Note from MALA: The above information is pertaining to only the requirements for electronic submission of injury and illness records to OSHA. It is not intended to cover all of the various MIOSHA and OSHA requirements applicable to employers based upon their number of employees. Please contact MALA or MIOSHA if you have questions regarding your MIOSHA and/or OSHA requirements. V
Last year, Part 11, Recording and Reporting of Occupational Injuries and Illnesses, of the MIOSHA rules were amended to include expanded anti-retaliation protections for employees who report occupational injuries and illnesses. This change in Part 11 was an adoption of a change in the corresponding OSHA rule.
The impetus for the rule change was a concern about the effect of post-accident drug testing on employee reporting of injuries and illnesses; also of concern were the use of discipline and incentive programs. At the federal level, the enforcement policy on this topic is currently under review.
The new MIOSHA/OSHA rule, Rule 1135(2)(d) of Part 11, is not a blanket prohibition against post-accident drug testing. Whether or not the post-accident or post-injury drug testing represents discrimination is highly dependent on the circumstances, and in the OSHA policy memo on the subject, the situations that would be considered discrimination are narrow.
The OSHA memo includes the following statement: "When evaluating whether an employer had a reasonable basis for drug testing an employee who reported a work-related injury or illness, the central inquiry will be whether the employer had a reasonable basis for believing that drug use by the reporting employee could have contributed to the injury or illness."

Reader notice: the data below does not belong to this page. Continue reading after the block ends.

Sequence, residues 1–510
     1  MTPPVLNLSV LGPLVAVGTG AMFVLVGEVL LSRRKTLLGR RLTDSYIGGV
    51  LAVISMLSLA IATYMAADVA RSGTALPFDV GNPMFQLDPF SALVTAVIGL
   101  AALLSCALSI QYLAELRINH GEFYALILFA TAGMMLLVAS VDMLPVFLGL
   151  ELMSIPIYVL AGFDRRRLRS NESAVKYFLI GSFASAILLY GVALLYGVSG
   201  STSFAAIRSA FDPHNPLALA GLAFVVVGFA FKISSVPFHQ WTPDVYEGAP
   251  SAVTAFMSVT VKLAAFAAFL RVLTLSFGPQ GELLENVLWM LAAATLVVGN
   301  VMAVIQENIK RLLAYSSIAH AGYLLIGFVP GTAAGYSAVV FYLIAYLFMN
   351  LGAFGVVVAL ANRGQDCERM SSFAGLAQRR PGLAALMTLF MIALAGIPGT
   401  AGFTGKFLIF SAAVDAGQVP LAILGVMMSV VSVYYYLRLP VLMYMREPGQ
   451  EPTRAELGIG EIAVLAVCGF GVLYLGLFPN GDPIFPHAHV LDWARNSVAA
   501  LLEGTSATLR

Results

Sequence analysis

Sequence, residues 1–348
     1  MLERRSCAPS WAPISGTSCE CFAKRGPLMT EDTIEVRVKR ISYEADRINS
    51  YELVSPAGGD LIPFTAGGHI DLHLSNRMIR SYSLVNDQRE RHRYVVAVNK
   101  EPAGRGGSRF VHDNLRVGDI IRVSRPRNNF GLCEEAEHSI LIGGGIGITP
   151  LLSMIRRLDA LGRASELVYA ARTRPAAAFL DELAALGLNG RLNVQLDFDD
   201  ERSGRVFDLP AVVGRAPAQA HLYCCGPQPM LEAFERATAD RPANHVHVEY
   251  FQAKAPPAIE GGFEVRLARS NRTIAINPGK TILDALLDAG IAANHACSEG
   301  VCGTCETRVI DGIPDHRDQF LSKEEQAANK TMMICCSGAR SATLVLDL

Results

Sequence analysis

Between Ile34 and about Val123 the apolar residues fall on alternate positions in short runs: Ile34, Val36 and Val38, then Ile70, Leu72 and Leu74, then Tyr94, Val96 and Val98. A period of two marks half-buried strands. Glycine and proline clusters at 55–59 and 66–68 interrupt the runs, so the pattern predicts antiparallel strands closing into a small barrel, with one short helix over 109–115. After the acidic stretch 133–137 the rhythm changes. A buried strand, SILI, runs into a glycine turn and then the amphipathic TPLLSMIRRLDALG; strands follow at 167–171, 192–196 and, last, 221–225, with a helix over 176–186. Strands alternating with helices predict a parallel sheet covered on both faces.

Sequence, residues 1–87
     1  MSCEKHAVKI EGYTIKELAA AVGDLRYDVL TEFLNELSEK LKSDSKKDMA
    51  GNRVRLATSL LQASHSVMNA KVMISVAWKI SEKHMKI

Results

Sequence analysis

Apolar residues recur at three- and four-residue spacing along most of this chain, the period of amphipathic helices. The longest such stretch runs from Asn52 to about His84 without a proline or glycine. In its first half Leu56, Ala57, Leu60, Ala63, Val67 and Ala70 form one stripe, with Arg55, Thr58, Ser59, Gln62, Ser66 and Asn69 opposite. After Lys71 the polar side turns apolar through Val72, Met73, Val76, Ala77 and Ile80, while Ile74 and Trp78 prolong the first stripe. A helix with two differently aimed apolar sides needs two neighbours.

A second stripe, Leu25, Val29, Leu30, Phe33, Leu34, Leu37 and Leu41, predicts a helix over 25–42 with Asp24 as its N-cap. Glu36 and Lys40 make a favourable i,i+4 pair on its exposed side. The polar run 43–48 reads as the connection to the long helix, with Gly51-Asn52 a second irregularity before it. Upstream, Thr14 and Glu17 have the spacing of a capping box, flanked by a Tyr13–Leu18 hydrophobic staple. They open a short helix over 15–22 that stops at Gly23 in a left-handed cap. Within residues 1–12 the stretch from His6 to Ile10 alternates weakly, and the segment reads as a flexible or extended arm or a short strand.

Rule 1135(2)(d) reads as follows:
"You must not discharge or in any manner discriminate against any employee for reporting a work-related injury or illness."
Rule 1136 of Part 11 is informational only. Any cases related to Rule 1136 are to be handled by the Employee Discrimination Section using section 65 of the MIOSH Act.
Rule 1136 reads as follows:
"In addition to R 408.22135, section 65 of the act prohibits you from discriminating against an employee for reporting a work-related fatality, injury or illness. Section 65 of the act also protects the employee who files a safety and health complaint, asks for access to the records under this part, or otherwise exercises any rights afforded by the act."
Based upon the above information, employers should not adopt a policy of automatic post-accident drug testing. A determination whether to conduct a drug test should be based upon the circumstances regarding the particular work-related injury or illness.
This article is intended to provide a general overview of the issue of MIOSHA/OSHA regulations and drug testing. Please contact MALA if you need additional information on this issue.
Note: MALA is pleased to be an alliance partner with MIOSHA. Future MALA publications will include additional information pertaining to compliance with MIOSHA requirements.
In addition, the MIOSHA website provides numerous resources. The website address is http://www.michigan.gov/LARA and click on MI Occupational Safety and Health Administration.
MALA Expands Insurance Options and Resources